So, in trying to get healthier, I started with the most cliche thing possible: a food journal. Now, I had been skeptical of the food journal phenomenon since I had come across it. I thought that it would either lead to obsessive behavior that could plunge into an eating disorder or a way I could rationalize eating badly as long as I technically followed the rules.
In committing to this change, while also making it easy enough that I wouldn’t just throw it aside, I downloaded the “Lose It!” app*. As suggested in the name, it is an app designed to help with weight loss. Although my goal wasn’t just to drop some pounds, it’s always an appealing idea.
When I first started, it seemed tedious to enter everything I had eaten every day. But, after a week of entries, I started to see my weak points. I found the other that I had been looking to blame for my weight issues. And, all along, it had been hiding in my kitchen. Those comfort foods that you break out way more than you need comfort or quick snacks you tell yourself you keep for emergencies but usually consume out of laziness. It wasn’t something I couldn’t control, it was something I hadn’t taken control of.
As the weeks went on, I started to try to remove those foods that I didn’t LOVE and made the first decision that I had known I needed to, I removed gluten from my diet. I had been aware that I am gluten sensitive for a while but had still been baking with wheat flour and partaking in wheat based items when I went out to eat. Even though I had clearly felt the difference when I had weeks without gluten, it was a hard transition. It’s just so easy to grab a fast food sandwich or a gas station doughnut. Although I could name dozens of reasons why keeping gluten as an option is convenient, I couldn’t name one reason of why I should keep it in my diet. I eat most of my meals at home anyway and, even if I’m grabbing something quickly, there are options without gluten that are just as easy. It had been negatively affecting me through weight gain and the heft of knowing that I was eating something although it hurt my body. Yes, removing something from my diet does sound like a “sacrifice” but, to me, it was more of a relief than anything else.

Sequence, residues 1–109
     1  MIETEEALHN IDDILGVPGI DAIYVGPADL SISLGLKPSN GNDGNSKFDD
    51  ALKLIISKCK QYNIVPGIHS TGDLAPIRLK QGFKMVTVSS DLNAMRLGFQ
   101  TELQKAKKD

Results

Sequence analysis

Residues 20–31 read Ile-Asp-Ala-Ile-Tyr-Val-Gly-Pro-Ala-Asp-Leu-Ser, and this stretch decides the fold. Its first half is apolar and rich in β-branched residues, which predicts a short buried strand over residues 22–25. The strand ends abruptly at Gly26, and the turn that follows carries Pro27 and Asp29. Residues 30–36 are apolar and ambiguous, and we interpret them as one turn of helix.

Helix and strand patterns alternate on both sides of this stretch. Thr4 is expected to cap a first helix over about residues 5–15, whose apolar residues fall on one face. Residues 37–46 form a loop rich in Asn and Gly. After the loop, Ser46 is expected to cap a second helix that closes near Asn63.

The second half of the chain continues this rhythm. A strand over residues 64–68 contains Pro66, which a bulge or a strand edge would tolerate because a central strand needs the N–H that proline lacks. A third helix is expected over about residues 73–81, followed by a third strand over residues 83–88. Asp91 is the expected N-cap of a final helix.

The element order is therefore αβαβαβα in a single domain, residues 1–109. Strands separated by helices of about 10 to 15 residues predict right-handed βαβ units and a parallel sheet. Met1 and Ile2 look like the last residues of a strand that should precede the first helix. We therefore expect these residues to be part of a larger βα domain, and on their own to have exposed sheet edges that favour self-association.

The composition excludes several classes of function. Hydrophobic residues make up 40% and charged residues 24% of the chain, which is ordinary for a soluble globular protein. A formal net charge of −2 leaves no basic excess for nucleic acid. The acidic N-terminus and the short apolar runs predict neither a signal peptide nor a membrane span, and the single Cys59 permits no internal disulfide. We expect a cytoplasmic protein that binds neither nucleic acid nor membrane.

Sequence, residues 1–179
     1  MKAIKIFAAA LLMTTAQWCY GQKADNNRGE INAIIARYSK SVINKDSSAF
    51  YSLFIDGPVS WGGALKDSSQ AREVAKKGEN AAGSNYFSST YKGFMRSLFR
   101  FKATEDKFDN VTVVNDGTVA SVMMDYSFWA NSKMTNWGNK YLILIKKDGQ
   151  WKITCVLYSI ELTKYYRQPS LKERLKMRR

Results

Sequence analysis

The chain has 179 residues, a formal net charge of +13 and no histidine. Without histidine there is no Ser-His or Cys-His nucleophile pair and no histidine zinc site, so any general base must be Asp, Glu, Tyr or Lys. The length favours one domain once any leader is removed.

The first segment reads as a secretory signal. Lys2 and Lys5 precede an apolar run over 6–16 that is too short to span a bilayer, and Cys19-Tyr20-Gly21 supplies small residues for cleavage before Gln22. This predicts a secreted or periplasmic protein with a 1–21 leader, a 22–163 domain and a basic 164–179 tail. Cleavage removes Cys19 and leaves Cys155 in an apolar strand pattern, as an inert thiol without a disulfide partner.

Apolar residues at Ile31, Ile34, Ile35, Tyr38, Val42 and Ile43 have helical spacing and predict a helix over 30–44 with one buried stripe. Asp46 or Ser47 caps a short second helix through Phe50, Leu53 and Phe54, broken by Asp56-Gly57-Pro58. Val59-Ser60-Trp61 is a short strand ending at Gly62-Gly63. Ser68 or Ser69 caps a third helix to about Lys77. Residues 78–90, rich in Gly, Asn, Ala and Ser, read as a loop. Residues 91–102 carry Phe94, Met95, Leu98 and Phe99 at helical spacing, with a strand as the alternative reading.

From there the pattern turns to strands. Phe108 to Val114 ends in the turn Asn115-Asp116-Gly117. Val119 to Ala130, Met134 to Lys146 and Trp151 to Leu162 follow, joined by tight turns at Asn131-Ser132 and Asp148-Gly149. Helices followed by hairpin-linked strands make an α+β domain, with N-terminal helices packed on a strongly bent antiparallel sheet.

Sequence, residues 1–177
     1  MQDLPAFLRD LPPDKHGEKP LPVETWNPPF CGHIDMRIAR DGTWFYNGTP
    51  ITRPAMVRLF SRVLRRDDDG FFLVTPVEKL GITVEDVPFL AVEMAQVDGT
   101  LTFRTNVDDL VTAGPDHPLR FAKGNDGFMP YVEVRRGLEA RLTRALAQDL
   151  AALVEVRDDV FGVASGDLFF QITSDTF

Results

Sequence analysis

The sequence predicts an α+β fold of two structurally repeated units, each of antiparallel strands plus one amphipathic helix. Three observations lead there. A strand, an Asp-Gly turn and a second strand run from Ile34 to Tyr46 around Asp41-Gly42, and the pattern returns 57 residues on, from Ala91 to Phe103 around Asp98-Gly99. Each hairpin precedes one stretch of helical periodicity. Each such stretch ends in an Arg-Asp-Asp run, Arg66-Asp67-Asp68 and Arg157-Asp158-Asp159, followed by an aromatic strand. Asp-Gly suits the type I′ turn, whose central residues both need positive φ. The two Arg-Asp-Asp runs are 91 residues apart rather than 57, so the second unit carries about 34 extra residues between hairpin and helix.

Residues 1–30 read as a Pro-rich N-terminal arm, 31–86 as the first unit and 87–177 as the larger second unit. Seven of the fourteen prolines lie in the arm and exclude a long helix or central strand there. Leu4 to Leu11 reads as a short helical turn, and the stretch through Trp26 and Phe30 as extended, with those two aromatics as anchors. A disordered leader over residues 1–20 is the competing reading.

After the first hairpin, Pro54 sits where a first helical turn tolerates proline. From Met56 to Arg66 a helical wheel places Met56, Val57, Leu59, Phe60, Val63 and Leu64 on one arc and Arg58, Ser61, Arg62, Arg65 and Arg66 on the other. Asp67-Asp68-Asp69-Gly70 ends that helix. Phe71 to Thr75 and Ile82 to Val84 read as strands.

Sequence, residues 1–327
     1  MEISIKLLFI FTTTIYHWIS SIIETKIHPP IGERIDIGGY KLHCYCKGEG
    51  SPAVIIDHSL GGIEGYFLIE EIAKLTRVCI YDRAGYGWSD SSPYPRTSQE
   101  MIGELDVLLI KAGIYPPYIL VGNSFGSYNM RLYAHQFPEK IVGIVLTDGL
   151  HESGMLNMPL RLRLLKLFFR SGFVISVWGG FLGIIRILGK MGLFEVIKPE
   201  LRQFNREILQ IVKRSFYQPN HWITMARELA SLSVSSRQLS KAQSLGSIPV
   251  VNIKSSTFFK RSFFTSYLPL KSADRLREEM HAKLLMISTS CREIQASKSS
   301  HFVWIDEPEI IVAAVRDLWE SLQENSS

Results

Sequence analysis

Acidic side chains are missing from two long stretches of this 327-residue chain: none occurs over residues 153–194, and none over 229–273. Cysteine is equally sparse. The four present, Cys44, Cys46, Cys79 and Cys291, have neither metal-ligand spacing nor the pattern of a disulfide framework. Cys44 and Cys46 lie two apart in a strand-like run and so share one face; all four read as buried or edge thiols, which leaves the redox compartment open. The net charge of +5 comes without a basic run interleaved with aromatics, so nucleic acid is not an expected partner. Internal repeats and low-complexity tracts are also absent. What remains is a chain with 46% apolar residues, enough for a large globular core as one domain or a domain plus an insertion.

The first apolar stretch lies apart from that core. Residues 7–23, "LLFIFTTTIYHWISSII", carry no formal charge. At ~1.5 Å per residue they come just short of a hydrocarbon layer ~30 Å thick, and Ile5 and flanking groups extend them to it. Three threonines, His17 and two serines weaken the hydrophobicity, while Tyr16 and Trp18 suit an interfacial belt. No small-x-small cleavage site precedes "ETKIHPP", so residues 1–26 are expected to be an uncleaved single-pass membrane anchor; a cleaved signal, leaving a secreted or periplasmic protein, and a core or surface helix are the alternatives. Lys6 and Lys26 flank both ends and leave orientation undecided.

The next, and not so easy realization, was that animal products weren’t doing me any favors. As someone who grew up in the Midwest, where everything is drenched in cheese and the only vegan or vegetarian options on most menus are from the “Sides” section, it’s hard to wrap your head around the idea of cutting out everything from bacon to honey. I had never really been more than a few hours away from consuming an animal product so I could never really compare how I felt with or without it in my life. But, my goodness, that cut has made all the difference.
Getting rid of animal products seems like a big step at first, especially when you do what I did, immediately donating everything to friends or the food bank. But, when you take a better look at what’s left and all of the things you’ve made room for, the possibilities are endless. Although I am not that far into my vegan journey, I can see the little changes in how I feel and the improvement in my health. I don’t feel the lethargy after eating that I used to and snacks are a pick-me-up instead of a little cheat.
So, although I have removed a lot from my diet, I haven’t sacrificed anything. I was even losing weight before I removed anything from my diet. Taking out those things just made it easier. When you have ice cream and pulled pork involved, it’s a lot harder to restrict your caloric intake than when you swap for flavored frozen banana purees and meatless chili.
I know that different things work for different people; this is just what works for me. Although I have been able to target what foods have been problems and find better alternatives, I still struggle with temptation and keep active with my food journaling. I have a long way to go in my weight loss and health journey but I am starting to see my path more clearly and and my capability for progress.
*I have neither sponsoring nor any business ties to the “Lose It!” app.